Alcohol is one of the most abused substances by adults and teens in America, with significant health and safety risks. While most are aware of the role alcohol plays in liver damage and the harmful effects of alcohol consumption, many tend to do so without being fully aware of the health risks of excessive alcohol consumption. The liver is one of the most important organs in the body, and when it comes to alcohol, it can have devastating effects.
How Much Time Does Alcohol Take to Metabolize?
On average, it takes about an hour for the body to process an alcoholic drink. Each additional drink increased this amount of time. The more a person drinks, the longer it takes to process the alcohol. This is because the liver cannot process so many things at once. When a person drinks too much, the alcohol that the liver leaves unprocessed circulates in the blood and begins to affect the heart and brain. You can experience liver failure symptoms and this is how people get drunk. Two liver enzymes begin to break down the alcohol molecule so that the body can eventually eliminate them.
Alcohol and Liver Damage
One of these enzymes, ADH, helps convert alcohol into acetaldehyde. Acetaldehyde is only present in the body for a short time, but it is highly toxic and known to be a carcinogen. Some small amounts of alcohol are also removed from the body through the formation of fatty acid compounds. These compounds become a cause of liver damage.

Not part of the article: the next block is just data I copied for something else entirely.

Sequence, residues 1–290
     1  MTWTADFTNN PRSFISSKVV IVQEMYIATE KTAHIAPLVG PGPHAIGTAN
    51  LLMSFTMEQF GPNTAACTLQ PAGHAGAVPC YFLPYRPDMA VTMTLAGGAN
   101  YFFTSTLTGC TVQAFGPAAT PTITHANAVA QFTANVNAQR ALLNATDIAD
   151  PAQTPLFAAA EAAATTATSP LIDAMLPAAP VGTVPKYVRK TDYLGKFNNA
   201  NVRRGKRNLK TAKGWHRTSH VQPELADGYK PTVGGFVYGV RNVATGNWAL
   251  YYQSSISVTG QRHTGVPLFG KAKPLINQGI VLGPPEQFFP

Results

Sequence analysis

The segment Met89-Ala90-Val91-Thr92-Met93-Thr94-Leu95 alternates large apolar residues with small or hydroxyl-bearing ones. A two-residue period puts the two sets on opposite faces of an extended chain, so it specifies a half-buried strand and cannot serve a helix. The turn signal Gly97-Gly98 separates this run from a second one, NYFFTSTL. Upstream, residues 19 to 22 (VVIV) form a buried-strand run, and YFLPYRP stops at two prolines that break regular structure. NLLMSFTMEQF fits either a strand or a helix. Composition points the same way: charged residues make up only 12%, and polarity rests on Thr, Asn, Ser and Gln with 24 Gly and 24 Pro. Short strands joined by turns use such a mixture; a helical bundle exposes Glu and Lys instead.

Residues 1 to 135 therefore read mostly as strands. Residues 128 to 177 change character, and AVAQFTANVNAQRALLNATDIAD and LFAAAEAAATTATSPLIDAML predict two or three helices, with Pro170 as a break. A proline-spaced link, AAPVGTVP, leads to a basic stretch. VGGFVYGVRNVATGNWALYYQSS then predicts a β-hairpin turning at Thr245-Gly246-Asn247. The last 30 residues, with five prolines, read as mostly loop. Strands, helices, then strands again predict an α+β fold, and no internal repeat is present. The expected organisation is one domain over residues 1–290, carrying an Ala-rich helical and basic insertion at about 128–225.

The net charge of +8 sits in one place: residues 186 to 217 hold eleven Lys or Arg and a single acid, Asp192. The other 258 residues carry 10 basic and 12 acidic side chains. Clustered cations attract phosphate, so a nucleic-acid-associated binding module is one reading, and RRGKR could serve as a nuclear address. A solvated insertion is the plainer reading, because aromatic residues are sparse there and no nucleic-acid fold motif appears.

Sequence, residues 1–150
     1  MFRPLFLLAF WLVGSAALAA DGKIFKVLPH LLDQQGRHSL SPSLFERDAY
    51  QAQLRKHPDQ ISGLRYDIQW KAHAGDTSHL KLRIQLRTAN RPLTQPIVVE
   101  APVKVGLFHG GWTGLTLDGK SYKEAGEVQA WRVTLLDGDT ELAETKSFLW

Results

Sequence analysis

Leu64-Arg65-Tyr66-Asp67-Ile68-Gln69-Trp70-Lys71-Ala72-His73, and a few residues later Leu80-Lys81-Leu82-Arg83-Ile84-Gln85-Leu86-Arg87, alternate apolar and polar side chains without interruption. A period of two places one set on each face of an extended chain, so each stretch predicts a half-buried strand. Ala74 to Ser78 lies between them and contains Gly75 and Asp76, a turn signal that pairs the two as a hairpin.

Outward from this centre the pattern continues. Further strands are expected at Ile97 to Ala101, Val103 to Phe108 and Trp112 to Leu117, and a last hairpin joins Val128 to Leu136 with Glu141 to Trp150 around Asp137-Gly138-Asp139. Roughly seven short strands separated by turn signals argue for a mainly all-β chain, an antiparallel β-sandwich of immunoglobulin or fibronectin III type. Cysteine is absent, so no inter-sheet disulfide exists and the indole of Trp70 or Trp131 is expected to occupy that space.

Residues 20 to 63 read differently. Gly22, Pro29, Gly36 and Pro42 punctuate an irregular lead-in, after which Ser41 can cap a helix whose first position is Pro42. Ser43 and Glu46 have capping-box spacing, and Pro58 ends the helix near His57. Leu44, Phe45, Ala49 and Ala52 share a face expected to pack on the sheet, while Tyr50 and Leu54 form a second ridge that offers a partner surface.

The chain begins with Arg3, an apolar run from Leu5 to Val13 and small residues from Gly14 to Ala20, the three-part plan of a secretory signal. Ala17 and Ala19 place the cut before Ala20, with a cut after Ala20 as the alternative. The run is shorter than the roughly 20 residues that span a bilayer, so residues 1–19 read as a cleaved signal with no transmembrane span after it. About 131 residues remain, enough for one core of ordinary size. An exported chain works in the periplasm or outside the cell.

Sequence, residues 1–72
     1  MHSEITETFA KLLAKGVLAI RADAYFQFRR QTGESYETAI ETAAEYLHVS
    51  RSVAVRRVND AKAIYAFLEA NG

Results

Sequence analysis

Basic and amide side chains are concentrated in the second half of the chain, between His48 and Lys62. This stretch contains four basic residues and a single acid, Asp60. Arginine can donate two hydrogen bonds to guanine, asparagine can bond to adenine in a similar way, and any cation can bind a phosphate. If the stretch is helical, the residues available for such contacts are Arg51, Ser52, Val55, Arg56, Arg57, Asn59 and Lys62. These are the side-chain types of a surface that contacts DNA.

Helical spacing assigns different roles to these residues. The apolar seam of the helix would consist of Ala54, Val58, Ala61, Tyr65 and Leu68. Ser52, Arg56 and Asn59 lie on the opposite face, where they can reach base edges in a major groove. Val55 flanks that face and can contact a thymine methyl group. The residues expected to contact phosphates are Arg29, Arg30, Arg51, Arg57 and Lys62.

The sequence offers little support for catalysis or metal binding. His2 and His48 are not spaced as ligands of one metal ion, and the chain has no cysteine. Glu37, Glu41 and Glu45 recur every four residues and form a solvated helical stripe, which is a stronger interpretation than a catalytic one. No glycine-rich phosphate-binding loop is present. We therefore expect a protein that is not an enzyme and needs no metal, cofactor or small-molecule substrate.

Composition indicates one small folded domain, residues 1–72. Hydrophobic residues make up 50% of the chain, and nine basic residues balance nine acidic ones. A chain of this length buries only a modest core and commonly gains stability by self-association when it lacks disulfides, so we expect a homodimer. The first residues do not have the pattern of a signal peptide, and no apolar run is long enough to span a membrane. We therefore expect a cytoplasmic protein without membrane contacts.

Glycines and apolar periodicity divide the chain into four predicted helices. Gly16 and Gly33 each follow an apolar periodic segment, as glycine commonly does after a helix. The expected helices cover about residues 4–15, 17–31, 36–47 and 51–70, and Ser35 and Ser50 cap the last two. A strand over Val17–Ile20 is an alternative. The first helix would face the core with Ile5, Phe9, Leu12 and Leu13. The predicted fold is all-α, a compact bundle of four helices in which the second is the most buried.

The toxic effects of acetaldehyde or alcohol-induced liver damage have been linked to the development of cancers of:
- Upper respiratory tract
- Colon and
Chronic alcohol consumption (drinking 4 or 5 drinks at a time) also destroys liver cells, progressing from fatty liver to alcoholic hepatitis (inflammation) to cirrhosis (scarring). However, heavy drinkers can develop alcoholic cirrhosis without first developing hepatitis.
Is There a Safe Amount of Alcohol?
While there is no safe amount of alcohol you can take, you can reduce your risk of liver damage by drinking less. Individuals can drink in moderation by limiting their intake to two drinks or less per day for men or one drink or less per day for women. Here, mindful drinking is the best way for the chronic drinker to maintain their liver health.
What is the Treatment for Alcoholic Liver?
There is currently no specific medical treatment for alcoholic liver disease. The main treatment is to stop drinking, preferably for the rest of your life. This reduces the chance of further damage to the liver and gives it the best chance of recovery. If a person is dependent on alcohol, stopping drinking can be very difficult. And for such patients, many nutrition companies like ‘Avenir Nutrition offer liver supplements.
You can reverse the signs of liver damage if you live a healthy lifestyle, take less consumption of alcohol, and take liver health formula supplements on regular basis. To learn more about liver treatment, email to Avenir support team or request an online appointment today!